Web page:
OPRAL: The challenge really was convincing individuals that the beauty industry was not and is still now for drop outs but for people who are interested in a profession and that when you are through with your course or training, you can be self-employed and earn a very honest living.
It really was not easy getting people to understand that it is a profession that could stand on its own and the practitioners can stand at par with other professionals in other fields.
WOS: HOW WOULD YOU DESCRIBE THE AFRICAN WOMAN?
OPRAL: She is industrious, articulate, kind, loving and able to understand her environment being able to appreciate others. She is a strong woman and once she makes up her mind that she is going to do something, she does it very well.
WOS: DO THESE QUALITIES DESCRIBE YOUR FRIEND AND PRESIDENT OF THE REPUBLIC OF LIBERIA?
OPRAL: President Ellen Joohnson Sirleaf is a very strong woman going by the job she does in her capacity as President and she has made African women very proud.
WOS: WHAT HAS CHANGED IN LAGOS IN THE LAST 50YRS?
OPRAL: Obviously I can speak about that for someone who has been here for 5oyears, individuals have changed, the environment has changed, and Lagos has many more qualified people because of the various institutions on the ground. At this point in time we have a very good governor and he is making Lagos a very beautiful city and I believe his interest in the youths have opened up opportunities for them to get trained, Lagos has its challenges like every other states but I will tell you that the positives far outweighs the negatives.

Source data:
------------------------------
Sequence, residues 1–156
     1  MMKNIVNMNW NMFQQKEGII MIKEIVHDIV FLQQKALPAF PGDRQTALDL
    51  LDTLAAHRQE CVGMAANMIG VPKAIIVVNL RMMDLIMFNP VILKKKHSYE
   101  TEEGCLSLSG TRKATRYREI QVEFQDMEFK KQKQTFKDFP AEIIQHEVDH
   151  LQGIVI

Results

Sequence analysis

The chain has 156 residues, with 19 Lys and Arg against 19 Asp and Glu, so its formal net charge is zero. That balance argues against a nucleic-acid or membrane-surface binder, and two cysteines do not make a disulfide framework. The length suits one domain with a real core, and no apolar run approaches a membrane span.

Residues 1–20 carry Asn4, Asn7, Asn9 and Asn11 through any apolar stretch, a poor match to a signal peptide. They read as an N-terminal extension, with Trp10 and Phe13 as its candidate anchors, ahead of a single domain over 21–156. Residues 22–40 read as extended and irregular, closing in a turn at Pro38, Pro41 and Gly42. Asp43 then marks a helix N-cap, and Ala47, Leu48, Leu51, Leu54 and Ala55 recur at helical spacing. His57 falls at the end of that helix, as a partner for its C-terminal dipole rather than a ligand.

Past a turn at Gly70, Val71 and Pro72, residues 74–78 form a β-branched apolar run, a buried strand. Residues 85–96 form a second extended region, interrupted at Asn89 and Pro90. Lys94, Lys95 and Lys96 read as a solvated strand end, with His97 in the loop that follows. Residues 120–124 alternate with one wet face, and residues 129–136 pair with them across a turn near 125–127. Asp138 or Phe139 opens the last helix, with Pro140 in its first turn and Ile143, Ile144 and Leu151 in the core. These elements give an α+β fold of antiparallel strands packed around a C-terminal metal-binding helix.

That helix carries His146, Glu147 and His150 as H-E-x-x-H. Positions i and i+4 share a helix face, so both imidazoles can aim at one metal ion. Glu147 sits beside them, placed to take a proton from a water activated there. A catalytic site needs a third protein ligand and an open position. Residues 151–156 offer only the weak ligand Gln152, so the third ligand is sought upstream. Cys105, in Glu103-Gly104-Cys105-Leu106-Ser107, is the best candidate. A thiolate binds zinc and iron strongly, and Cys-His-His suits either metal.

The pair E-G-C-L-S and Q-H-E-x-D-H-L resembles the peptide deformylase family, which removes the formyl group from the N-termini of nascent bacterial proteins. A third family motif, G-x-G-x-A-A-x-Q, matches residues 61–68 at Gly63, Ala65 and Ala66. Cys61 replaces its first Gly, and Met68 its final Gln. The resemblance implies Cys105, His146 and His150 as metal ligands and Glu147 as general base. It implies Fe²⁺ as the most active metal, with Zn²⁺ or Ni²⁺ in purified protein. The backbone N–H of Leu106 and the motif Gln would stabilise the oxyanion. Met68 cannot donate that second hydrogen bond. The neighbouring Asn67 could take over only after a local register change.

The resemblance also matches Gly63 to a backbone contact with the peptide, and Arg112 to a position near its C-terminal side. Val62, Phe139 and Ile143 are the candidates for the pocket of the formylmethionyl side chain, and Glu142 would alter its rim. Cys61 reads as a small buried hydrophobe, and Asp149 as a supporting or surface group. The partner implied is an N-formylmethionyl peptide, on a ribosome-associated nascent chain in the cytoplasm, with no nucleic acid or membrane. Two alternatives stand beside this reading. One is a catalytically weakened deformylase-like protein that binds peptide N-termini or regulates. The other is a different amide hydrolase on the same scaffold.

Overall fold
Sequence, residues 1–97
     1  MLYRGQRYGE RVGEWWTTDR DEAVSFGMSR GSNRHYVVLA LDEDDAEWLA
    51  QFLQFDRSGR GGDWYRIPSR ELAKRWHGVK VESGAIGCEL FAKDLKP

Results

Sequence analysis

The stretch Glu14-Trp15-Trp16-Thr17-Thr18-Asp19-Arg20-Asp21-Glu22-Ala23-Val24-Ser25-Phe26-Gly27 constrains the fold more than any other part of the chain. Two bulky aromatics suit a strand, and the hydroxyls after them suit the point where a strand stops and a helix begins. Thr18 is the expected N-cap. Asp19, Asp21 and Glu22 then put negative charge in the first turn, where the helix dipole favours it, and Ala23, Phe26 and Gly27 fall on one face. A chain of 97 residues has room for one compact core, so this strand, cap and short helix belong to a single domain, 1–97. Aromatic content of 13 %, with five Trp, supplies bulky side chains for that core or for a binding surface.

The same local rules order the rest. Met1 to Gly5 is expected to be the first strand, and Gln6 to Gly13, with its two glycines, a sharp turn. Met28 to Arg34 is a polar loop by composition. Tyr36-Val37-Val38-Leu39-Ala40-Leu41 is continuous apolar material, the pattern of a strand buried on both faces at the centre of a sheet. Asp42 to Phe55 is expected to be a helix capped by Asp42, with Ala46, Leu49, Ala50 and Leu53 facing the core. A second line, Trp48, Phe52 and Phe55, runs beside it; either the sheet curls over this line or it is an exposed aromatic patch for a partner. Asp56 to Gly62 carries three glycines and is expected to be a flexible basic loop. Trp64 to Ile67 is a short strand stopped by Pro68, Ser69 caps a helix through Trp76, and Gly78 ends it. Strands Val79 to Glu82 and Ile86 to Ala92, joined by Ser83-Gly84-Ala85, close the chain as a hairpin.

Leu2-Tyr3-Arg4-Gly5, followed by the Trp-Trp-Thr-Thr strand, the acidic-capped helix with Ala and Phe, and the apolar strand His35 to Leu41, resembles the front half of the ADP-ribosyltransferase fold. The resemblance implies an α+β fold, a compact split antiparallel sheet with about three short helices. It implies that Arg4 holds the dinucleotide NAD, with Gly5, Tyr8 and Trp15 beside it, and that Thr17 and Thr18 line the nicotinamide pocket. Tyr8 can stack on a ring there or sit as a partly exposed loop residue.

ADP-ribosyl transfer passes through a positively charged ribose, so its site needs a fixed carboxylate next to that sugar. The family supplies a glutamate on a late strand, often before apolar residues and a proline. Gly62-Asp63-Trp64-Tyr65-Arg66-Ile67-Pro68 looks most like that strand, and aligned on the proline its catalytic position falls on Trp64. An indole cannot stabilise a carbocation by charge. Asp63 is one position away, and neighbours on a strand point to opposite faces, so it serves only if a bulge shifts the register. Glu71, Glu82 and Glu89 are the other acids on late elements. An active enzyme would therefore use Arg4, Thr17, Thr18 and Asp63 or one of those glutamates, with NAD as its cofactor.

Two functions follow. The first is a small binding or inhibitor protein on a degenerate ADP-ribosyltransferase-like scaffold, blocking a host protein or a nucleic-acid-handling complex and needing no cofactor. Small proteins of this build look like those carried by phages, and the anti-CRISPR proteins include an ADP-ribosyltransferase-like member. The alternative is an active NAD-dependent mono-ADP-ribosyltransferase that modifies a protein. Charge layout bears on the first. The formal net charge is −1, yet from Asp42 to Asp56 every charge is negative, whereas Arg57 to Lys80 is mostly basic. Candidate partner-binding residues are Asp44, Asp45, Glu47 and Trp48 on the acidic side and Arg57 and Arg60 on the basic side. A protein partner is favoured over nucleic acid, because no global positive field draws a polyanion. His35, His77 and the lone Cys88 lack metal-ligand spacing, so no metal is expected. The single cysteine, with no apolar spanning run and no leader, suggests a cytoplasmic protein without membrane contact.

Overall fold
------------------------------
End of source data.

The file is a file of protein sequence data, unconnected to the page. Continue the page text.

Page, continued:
The African woman is industrious, articulate, kind, loving and able to understand her environment being able to appreciate others. She is a strong woman and once she makes up her mind that she is going to do something, she does it very well. ~ Chief (Mrs) Opral Benson
WOS: HAVE WOMEN MOVED WITH THE PACE THAT YOU HAVE DESCRIBED?
OPRAL: I strongly believe women have moved and I want to boldly say that women have got themselves to the top echelon in terms of productivity, they no longer sit back and wait to be told what to do, the challenges are still there but they have moved tremendously in the positive line.
WOS: MENTORING IS A BIG ISSUE NOW, HOW DO WE SAVE THE YOUTHS?
OPRAL: If we look at the choices most young people make today, some are right and some are wrong and that is how it has been from time, the way to get back on track Is to support people like us who have been able to start some sort of progrmme for young people to help them discover themselves and place value on their dreams and passions and in mentoring them we have to let them understand that you can live the good life if you do what you have to do in terms of acquiring the appropriate skills or education to take you where you are going and most importantly they need to know that hard work truly pays.
WOS: WHAT WOULD YOU WANT TO BE REMEMBERED FOR?
OPRAL: Simply that I left my footprints in the sands of time for instance with my beauty school I have people walk up to me wherever I go that either a friend, daughter or family member has passed through the institute and I feel joy when I hear that.